Three different thoughts occurred to me recently. Interestingly, they seemed connected, so I’m going to string them together in a series of posts for you.
The first one is about the ‘Stories We Tell Ourselves’ and how they impact our lives. The second post I’m calling, ‘Cease Fire’, and it is an opportunity for us to call a truce with ourselves. The third is an extension of the first two and is titled, ‘Claiming Your Best Life’ and may provide you a new perspective about the way you live.
I’d like to ask you a question first. Take whatever time you need to consider your answer.
If you were writing a book about your life, what would the main story be?
Of course, there are tons of sub-stories, each with their own plot lines and twists and surprising endings. But, what is your main story about?
I’ll assume you’ve come up with something, even if it’s a quick answer. Now, give it a moment to sit with you, then ask yourself if it is YOUR story or the story others have told you about yourself.
When I’m in a reflective mood, I often conclude that I’m really repeating old stories I’ve been told by others or ones where I’m responding to what I think I want my story to be, but not what it is. It can be pretty confusing.
Here’s another couple of questions. Is your story mostly good or mostly bad? Has it taken the turns you want or fallen short of your expectations? And, how susceptible are you to complying with what others want your story to be?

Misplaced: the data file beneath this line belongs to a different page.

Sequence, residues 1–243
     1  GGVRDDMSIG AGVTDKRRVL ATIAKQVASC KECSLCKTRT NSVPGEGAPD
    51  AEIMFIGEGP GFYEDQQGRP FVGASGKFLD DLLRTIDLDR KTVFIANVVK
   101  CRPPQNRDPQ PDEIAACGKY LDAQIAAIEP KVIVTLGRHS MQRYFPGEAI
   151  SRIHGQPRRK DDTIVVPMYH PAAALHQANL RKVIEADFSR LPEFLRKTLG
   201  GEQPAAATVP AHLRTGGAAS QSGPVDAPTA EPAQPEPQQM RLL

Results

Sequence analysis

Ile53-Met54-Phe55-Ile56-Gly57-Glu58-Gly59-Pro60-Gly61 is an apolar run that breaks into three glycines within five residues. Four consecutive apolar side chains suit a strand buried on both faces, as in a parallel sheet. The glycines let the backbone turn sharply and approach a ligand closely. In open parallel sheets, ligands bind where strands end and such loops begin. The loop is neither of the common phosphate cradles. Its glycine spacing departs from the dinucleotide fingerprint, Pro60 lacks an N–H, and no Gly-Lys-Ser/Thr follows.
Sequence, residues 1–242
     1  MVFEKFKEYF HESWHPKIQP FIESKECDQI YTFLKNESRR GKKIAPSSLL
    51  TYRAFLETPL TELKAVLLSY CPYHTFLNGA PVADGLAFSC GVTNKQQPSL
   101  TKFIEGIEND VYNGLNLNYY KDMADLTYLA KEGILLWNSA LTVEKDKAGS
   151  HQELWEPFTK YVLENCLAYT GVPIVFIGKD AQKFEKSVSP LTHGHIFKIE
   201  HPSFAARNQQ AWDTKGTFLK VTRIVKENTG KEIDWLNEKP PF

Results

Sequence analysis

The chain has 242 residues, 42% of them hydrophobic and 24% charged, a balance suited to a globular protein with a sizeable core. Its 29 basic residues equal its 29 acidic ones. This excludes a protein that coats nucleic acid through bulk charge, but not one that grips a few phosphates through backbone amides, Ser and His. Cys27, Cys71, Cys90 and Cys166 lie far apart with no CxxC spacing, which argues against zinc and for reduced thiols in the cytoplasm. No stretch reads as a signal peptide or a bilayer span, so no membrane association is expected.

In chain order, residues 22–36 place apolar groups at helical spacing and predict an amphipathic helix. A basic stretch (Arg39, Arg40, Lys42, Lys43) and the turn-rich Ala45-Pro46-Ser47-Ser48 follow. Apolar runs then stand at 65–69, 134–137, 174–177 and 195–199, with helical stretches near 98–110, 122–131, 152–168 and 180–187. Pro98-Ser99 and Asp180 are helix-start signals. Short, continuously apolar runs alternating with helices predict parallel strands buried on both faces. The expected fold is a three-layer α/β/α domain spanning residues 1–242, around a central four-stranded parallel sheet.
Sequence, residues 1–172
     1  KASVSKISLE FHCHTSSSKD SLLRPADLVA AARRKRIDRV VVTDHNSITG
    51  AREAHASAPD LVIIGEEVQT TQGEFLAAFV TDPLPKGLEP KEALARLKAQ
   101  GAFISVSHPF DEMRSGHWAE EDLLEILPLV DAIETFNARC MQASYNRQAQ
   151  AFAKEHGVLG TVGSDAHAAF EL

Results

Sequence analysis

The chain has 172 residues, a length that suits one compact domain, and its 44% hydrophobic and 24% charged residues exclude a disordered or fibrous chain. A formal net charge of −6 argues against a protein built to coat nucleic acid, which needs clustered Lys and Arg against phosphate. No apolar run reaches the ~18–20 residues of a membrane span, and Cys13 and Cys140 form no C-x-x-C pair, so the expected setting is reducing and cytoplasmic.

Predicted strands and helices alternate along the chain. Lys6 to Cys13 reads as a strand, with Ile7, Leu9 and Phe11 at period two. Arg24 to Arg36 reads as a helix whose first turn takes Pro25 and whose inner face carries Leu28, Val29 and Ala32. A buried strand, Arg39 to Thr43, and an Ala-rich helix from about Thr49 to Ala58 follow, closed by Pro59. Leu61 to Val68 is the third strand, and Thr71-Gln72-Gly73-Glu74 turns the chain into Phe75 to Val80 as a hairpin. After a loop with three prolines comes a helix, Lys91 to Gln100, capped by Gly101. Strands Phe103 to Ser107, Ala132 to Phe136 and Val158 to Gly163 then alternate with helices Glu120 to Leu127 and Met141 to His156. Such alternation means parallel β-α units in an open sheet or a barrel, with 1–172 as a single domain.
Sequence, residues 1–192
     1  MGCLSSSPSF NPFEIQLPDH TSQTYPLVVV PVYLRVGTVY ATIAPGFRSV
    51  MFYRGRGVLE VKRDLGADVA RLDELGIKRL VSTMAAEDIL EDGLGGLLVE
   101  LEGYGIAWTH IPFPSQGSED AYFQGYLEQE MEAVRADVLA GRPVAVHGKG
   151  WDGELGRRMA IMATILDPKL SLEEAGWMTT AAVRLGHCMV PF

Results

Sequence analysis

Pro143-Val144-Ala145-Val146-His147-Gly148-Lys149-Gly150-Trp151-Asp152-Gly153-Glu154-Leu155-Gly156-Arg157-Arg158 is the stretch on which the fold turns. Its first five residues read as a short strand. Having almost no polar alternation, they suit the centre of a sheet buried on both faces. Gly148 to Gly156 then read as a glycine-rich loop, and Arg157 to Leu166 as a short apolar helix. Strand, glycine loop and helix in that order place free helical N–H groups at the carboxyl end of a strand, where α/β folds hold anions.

These can be very difficult questions to sort out and work through.
The first story that came to me was, The White Knight. The protector, the fixer, the shiny one. I don’t think anyone told me this was MY story. Rather, I believe the image of the white knight and the values surrounding the image were appealing to me. I have little doubt that I built this image to make myself feel stronger and to give myself a sense of worthiness. I liked the idea of riding in and rescuing someone in distress.
I believe what happened over the course of my life was that I took bits and pieces of others stories and added them to my own. And, I listened to what others said when they talked about me and accepted what I felt fit and rejected whatever didn’t.
Although your story may be completely different, does any of that apply to your story? Do you feel that you created your story and modified it to suit a view you liked?
Or perhaps, if you are dissatisfied with your story the question becomes, did you accept too much of what others told you? Have you allowed their story of you, to become your story of you?
I know it can work this way. I’ve seen it happen in my own life, after all, White Knights do fall off their horses. And, there are also more powerful knights in the kingdom who gain favor by knocking white knights off their horses.
To me the biggest question comes when you arrive at the place where you no longer like YOUR story.
That’s where the next post continues, so please come along for the ride.
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4 Replies to “Stories We Tell Ourselves”
What a suspenseful cliffhanger! Eager for the next post!
Coming up Sunday at 7:00am, so hang on…
I vaguely recall hearing a spot on NPR about this very same subject. Everything about our lives is generally a story, and that story can vary depending on who we tell it to. For me, my story has generally been a telling of challenges in my life told with a dramatic flair to entertain.
It’s pretty amazing when you think about all of the stories we have about ourselves. I’m fairly sure I can’t keep them al straight.